This is not funny

Mike, Mike, Mike…

What did I ever do to deserve this? Specifically, your remarks about our creationist neurosurgeon Dr. Michael Egnor:

In his “response,” “Egnor” manages to completely distort pretty much everything about my article, in a way that is so ham-fistedly inept that it is simply impossible for me to continue to believe that the “Michael Egnor” articles are being written by a real person who really believes what he (or she) writes…It’s been fun while it lasted, but the game’s over now. Would whoever is really writing this stuff please take this opportunity to own up to it? Please? Come on, I know it’s got to be someone who is a regular here…Orac springs to mind as a possibility. He’s definitely got a good sense of humor, and I recently found out that the fictional computer that he takes his pen name from was created by a scientist named “Ensor.” It’s only one letter off, and “Egnor” does have that onomatopoeic ring to it.

True, Mike does then go on to say that he doesn’t think it’s me and gives good reasons; but even a joke that Dr. Egnor and I might be one in the same is profoundly disturbing. That being said, sadly, I’m pretty sure that Mike is incorrect in his speculations. There is simply too much evidence that Dr. Egnor exists, is a Professor of Neurosurgery at SUNY Stony Brook; and has fallen deeply into the pseudoscience that is “intelligent design creationism.”

Personally, I speculate that Dr. Egnor’s fallen victim to the arrogance that some surgeons, alas, sometimes fall prey to. So confident is he in his intellect that he thinks he can understand this whole evolutionary biology thing without actually bothering to study it. He thinks he’s figured it out from the material that the Discovery Institute has no doubt spoon-fed him, so much so that he has convinced himself that he knows as much or more than scientists who have dedicated their professional careers to the study of evolution. Add to that a visceral hatred of the concept of evolution, which he apparently considers Godless and responsible for eugenics, despite his recent admission that eugenics is not Darwinian, and you have an enthusiastic new Discovery Institute shill that they like to trot out at every opportunity because, you know, he’s a neurosurgeon.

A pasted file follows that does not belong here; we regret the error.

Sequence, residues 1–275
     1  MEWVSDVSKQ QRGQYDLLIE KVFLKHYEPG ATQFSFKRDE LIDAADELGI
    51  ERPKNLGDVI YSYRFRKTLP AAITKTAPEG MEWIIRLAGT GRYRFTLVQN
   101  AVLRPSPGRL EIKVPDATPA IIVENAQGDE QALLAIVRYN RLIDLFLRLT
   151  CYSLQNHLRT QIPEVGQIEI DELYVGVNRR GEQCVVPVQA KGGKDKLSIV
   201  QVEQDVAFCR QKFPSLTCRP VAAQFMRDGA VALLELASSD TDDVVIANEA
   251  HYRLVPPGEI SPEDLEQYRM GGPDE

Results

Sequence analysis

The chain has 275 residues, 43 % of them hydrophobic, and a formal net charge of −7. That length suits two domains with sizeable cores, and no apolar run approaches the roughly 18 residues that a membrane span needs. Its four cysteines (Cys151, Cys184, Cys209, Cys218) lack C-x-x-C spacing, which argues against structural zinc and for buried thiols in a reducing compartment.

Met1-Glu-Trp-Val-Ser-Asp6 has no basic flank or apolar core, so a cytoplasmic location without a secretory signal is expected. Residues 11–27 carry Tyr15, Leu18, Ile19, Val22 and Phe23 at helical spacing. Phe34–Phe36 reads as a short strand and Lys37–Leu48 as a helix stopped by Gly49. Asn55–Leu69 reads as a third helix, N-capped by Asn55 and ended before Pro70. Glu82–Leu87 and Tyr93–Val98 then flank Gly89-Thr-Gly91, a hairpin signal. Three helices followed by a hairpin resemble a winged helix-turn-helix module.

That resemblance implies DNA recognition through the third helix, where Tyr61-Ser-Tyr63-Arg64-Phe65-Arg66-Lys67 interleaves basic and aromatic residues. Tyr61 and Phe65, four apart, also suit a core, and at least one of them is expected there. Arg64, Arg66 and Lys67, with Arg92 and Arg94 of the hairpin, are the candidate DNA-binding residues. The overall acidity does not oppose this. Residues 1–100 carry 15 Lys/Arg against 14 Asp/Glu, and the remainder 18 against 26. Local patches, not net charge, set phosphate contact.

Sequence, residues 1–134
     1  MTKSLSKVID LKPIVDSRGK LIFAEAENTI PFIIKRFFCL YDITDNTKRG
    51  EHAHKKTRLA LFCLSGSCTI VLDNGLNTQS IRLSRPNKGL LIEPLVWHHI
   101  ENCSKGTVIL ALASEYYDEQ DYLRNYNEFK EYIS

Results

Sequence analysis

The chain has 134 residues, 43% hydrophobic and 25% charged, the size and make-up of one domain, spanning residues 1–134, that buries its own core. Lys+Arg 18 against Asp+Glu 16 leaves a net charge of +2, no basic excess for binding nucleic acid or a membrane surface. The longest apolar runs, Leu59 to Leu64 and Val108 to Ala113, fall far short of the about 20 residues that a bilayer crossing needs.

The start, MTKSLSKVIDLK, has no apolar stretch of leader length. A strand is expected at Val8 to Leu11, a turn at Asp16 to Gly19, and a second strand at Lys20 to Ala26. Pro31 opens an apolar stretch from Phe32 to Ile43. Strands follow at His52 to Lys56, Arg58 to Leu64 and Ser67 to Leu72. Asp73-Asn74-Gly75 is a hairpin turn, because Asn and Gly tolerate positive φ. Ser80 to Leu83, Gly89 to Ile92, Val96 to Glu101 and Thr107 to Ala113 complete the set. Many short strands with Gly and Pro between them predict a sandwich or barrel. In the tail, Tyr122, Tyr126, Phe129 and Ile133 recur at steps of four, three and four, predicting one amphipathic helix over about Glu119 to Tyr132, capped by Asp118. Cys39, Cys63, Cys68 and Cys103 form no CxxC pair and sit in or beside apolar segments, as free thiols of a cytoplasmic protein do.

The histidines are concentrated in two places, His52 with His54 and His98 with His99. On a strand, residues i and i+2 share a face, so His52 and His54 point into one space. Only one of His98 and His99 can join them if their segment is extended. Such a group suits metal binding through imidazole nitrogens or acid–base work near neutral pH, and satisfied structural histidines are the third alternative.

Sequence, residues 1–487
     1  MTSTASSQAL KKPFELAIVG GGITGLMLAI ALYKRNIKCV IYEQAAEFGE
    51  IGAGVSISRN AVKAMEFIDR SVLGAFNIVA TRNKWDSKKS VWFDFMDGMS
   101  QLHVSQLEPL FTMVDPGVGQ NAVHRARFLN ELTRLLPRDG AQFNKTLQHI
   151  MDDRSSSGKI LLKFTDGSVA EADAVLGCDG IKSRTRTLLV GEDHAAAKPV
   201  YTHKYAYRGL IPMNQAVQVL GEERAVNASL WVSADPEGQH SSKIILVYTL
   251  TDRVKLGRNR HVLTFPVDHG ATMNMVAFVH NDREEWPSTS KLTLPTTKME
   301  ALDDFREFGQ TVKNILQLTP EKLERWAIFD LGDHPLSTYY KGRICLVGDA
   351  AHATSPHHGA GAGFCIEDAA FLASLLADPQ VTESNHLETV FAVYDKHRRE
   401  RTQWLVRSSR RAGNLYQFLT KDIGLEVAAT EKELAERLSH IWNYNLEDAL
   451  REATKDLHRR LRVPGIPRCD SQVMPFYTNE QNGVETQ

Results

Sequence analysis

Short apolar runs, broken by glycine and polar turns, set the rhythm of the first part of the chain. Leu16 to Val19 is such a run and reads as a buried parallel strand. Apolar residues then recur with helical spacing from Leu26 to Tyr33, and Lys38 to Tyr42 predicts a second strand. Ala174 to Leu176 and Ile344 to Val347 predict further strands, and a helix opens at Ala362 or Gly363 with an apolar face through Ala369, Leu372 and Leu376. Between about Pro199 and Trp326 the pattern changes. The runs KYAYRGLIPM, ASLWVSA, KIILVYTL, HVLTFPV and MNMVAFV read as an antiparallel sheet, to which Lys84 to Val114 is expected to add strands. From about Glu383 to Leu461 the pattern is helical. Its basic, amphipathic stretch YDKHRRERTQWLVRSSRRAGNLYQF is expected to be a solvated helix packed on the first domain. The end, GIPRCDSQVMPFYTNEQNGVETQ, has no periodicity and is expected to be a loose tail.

In any case, I assure Mike that I am most definitely not Dr. Egnor. After all, Dr. Egnor so lacks a sense of humor that I just can’t picture him using EneMan as a blog mascot.

Time to find those Tibetan monks again to do a job for me.


  1. #1 Godless McHeathenpants
    April 24, 2007

    Darn, I was hoping I could tell you about it. *pout*

    Still, are you sure you aren’t pulling a fast one? I’d like to think this guy was an intentional joke.

    Engor/Esnor is a far better argument for you pulling a fast one than mouse traps are for ID.

    Maybe you could take a picture of you two together just to be sure?


  2. #2 SLC
    April 24, 2007

    In a serious vein, one has to wonder about Prof. Michael Behes’ motives in continuing to associate himself with the whackjobs at the Discovery Institute. It couldn’t be monetary considerations could it. Nah.

  3. #3 txjak
    April 24, 2007

    Aside from the possibility of pecuniary motives for Drs Egnor and Behe, there is the chance that they are mythomaniacs.

    “Mythomaniac” initially referred to someone who was obsessed with or passionate about myths but was eventually used for individuals affected with or exhibiting mythomania.